Tuesday, June 16, 2009

Comments and Contact

Once again, I must apologise for not better keeping this blog updated. Life is, as usual, hectic, and sadly Operation Noah has had to take a backseat to more pressing priorities in the past few weeks.

I have recently received a great number of comments which indicate the level of interest in the story of Operation Noah is far higher than I had anticipated! Some are from nature lovers and conservationists, some are ex- or current Zimbabweans, and others are from people who knew and worked with my grandfather. I never imagined just how many people I would be connected with, from all over the world, by starting this blog. Testament to the power of the Internet!

Many of you mention you knew the Fothergills (my mum's family) when they were in Zimbabwe (or Rhodesia as it was at the time). If you would like to get in touch with Martin (currently in New Zealand) or Hilary or Christine (both in Australia), please leave your email address or other contact details in the comments section and I'll pass on to them.

If anyone has memories of my grandfather or the rescue operation that they would like to share, I would be delighted to publish them here on the site. Again, just leave your email address for me in the comments section and I will be in touch.

A few people have also expressed an interest in obtaining a copy of the Operation Noah footage on DVD - this is certainly something we're working towards, and I will keep you posted on how we progress towards figuring out how to fund and distribute copies. We've also got a bit of a dream of producing a documentary in the works... it would be great to be able to go back to Kariba and see how the wildlife is faring today. Obviously how the situation in Zimbabwe pans out over the next few years will determine whether or not that is feasible.

Many thanks again to everyone for your interest and support!

Photo of the Month - A Little Light Relief

May, 1959: Rupert Fothergill has a little light relief from the serious and strenuous work of game rescue. Here he is seen picking up a leguaan (a species of reptile that looks similar to a small crocodile) out of the water from a small boat. These reptiles are not in any danger, as this is a member of the family of leguaan which live in the water.

Wednesday, April 29, 2009

Photo Of The Month - Waiting in the Water

May 1959: Rupert Fothergill, Senior Game Ranger, and an assistant, are seen standing on the submerged branches of a tree which has been very nearly covered by the rising waters of Lake Kariba, while they wait for the rescue boat to pick them up. Fothergill is holding a Hyrax, locally known as a "Dassie" or "Rock Rabbit", which he has just rescued.

Thursday, March 26, 2009

Photo Of The Month - Waterbuck Doe

May 1959: A young Waterbuck Doe is trapped in one of the nets which has been spread across an island. These nets are used mainly to capture "Impala" (a species of Antelope) as the latter animals will not take to water.

Wednesday, March 25, 2009

An AWOL Update

Hello to all! This is just a brief post to let you know that I haven't fallen off the face of the planet, and will be back soon to continue working on this blog and telling the story of Operation Noah.

I was off travelling through South America from May through to December last year and my life has been somewhat hectic since my return. Things will settle down in a few weeks, and then I'll have more time to dedicate to this blog.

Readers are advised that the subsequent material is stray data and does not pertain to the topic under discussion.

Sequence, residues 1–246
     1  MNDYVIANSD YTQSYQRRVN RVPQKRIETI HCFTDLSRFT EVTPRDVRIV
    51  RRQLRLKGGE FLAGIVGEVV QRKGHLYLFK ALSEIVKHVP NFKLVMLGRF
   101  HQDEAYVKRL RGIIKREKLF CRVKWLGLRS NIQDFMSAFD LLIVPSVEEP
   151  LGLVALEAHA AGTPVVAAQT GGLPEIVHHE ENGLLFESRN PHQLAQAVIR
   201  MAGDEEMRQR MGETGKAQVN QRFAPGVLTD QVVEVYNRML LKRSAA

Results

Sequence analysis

In the mean time, I'll treat you animal lovers to some videos of an orphaned oso melero (tamandua) that I was fortunate enough to nurse while doing some conservation work of my own at El Puma Ecological Park in Posadas, Argentina. She was brought in to the clinic at 3 days old - umbilical cord still attached! - after her mother was shot by farmers. My Spanish was so rubbish at this point that I didn't really understand what I was agreeing to when I nodded and said "Sí, sí" and suddenly I found myself landed with 24-hour care of her. Oso melero literally translates to "honey bear", so naturally I named her Winnie.

Sadly, after almost three weeks of three-hourly syringe feeds (even throughout the night) of a mixture of crushed dog biscuits, banana, honey, powdered milk, baby formula and warm water, and despite having gained weight and showing a number of signs of improvement, Winnie died. Apparently this species is notoriously difficult to keep alive in captivity - even as fully grown adults. The nutrition requirements of their natural diet of honey and termites is extremely difficult to replicate. I was told right from the outset that she had only had extremely slim chances of survival, having likely missed out on too much of her mother's colostrum milk, but was nonetheless devastated when she didn't make it.

Pre-feed, searching for "las mamas" (breasts):

With her snout in the trough:

...and now exhausted from all that hoovering, she curls up into a ball for a nap:

And taking her first wobbly steps:

Monday, May 5, 2008

Step One - Complete!

The first step in the rescue effort of the Operation Noah footage is now complete: we have transferred Grandpa Rupert's films on to DV tape. While it's not very useful until it is imported to a computer and the image "flipped" back the right way around using editing software, at least it won't deteriorate in this format.

There were a couple of hiccups along the way - a few broken splices, and crooked sprockets, and the time we didn't realise the take-up spool had got stuck...:

In the end we lost three reels to "vinegar syndrome", but I don't believe any of them were his footage of Operation Noah. One appears to have been shot by a television station (NBC) for what I assume was a current affairs program of the day titled "Outlook":

It's a shame - it would have been nice to see how the more professional footage measured up against Grandpa Rupert's. But I have to say, for an amateur he did a pretty top-quality job, and seeing the footage in its original glory (without the inevitable fading and scratches that come with a well-used dupe) is really quite spectacular.

I'll try to get some snippets up on to youtube as soon as time permits...

Wednesday, April 30, 2008

A Sneak Preview...

Excerpts from the footage edited by the Rhodesian Government in the 1960s:

The sound quality is a bit poor, and the footage a bit washed out, but you get the general idea of what's to come.

The new transfers of the raw footage will be much better - so far they are coming up beautifully! Though we have had to kiss goodbye to a couple of well and truly rusted over reels - my sinuses are still burning from the pungent vinegar odour that was released after we prized open one marked "NBC TV News - Outlook" (presumably a current affairs program of the day).